Walter was an indentured servant who escaped famine in Ireland to settle in the New World. The reason this is almost certain is because “Powers” is very much an Irish name and the ship Goodfellow sailed from Waterford in 1654 to Massachusetts. This is the same year Walter appears on records in the New World, along with many other Irish refugees.
There were about 250 captive Irish and Scottish young women and girls and 300 captive Irish and Scottish boys and young men aboard The “Goodfellow” when she sailed from Kinsale, Ireland in 1654. From Ireland with Letters interweaves the stories of Walter Power — who came to America as an Irish slave on The “Goodfellow” in 1654, stolen from his family by Cromwell’s soldiers and sold in the Massachusetts Bay Colony when he was 14 years old to a Puritan family of English descent.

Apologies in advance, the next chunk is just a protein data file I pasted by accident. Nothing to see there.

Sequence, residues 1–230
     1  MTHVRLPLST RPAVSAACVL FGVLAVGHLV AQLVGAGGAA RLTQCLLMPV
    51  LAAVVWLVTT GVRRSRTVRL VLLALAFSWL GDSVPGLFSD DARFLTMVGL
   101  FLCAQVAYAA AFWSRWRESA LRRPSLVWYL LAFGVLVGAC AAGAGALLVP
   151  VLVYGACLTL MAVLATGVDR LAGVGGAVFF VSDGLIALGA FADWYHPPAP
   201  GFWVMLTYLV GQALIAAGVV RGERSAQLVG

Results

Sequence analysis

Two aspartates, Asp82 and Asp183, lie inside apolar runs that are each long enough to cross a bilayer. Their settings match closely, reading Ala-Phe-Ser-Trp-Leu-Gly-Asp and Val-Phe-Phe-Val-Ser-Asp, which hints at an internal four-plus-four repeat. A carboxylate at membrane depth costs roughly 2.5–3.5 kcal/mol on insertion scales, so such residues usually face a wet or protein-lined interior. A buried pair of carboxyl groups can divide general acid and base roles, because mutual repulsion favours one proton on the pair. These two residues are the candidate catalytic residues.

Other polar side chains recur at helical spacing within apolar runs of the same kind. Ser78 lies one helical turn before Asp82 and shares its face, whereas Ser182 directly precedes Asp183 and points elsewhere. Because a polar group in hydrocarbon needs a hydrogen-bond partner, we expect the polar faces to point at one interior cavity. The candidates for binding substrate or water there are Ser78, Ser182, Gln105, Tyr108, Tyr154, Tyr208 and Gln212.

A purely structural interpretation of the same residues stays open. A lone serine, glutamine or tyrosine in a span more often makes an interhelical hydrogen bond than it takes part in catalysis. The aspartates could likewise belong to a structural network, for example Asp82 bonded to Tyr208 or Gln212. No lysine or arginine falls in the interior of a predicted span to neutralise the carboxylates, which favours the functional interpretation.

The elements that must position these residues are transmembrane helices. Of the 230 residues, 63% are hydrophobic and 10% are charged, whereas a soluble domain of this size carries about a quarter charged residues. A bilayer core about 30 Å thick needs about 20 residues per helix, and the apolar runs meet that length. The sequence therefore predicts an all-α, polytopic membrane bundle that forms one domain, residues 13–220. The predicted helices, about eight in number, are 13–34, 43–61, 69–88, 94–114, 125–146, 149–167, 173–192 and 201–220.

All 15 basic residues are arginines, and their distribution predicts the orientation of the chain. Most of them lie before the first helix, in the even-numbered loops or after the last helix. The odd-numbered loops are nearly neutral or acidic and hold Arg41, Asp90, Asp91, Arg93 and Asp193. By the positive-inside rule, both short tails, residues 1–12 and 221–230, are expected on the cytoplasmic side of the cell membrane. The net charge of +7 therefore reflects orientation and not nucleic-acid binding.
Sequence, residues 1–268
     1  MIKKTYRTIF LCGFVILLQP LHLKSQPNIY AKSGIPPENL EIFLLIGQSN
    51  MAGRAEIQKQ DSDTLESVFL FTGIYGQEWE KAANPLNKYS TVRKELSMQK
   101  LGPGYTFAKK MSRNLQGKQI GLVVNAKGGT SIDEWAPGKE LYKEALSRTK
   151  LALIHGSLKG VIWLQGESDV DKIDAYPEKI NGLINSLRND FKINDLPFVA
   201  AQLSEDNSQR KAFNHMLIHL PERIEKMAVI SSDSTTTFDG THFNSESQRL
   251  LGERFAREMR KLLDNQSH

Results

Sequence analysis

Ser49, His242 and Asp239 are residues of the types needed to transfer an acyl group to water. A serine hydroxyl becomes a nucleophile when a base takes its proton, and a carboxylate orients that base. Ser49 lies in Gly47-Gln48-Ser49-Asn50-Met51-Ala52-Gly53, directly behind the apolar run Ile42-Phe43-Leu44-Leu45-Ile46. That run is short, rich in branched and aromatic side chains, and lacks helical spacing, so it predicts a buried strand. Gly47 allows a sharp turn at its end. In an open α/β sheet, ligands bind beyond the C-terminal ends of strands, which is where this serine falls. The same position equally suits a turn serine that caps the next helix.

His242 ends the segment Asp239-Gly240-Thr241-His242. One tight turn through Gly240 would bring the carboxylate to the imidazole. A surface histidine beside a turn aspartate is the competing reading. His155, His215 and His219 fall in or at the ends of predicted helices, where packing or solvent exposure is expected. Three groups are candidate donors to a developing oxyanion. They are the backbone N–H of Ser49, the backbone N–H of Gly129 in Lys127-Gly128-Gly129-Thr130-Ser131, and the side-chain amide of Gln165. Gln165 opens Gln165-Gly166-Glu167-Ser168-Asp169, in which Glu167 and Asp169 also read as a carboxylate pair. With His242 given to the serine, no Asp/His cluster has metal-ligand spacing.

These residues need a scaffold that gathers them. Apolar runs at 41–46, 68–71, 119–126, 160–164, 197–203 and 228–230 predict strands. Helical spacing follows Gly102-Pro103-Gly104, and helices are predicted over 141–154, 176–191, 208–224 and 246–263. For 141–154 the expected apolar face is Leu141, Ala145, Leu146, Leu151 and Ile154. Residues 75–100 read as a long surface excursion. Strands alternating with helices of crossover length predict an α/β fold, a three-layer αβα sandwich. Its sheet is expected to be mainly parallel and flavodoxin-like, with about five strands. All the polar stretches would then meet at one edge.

Walter married Trial Shepard March 11, 1660 in Malden,Middlesex,Massachusetts. He died February 22, 1709 in Littleton, Middlesex, Massachusetts. He was a Mill owner and farmer.
My Powers line descends from Jacob Powers and wife Edith Adams (an aunt of President John Adams).
The first Powers of this line in southwestern Virginia was Jonas Powers born 1742 in Littleton, Massachusetts who moved his family from Waterbury, Connecticut to Bland County,Va. Jonas’ son Jonas Harmon Powers settled in Scott County,Va where many of his descendants live today.
Recently, y-dna genetic genealogy shows the Powers family to be R1b1a2a1a1b4, Irish Type III. Though a name of Norman origin, there must have been a non-paternal event or a Gael that took a Norman surname.
C. Thomas Cairnet, Clans and Families of Ireland and Scotland, Jefferson, North Carolina; London: McFarland & Company, 1989.